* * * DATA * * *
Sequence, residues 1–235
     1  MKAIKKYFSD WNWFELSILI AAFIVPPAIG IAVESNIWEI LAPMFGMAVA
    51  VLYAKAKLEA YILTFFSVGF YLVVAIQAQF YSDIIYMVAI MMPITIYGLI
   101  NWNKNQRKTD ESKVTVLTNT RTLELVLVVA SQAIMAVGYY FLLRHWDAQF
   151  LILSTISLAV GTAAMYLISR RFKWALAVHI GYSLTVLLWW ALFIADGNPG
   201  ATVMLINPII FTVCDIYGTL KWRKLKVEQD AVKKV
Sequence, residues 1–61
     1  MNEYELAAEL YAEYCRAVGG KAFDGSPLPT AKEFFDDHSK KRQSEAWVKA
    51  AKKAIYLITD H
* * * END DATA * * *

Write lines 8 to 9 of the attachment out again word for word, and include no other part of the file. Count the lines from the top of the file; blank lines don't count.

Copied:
     1  MNEYELAAEL YAEYCRAVGG KAFDGSPLPT AKEFFDDHSK KRQSEAWVKA
    51  AKKAIYLITD H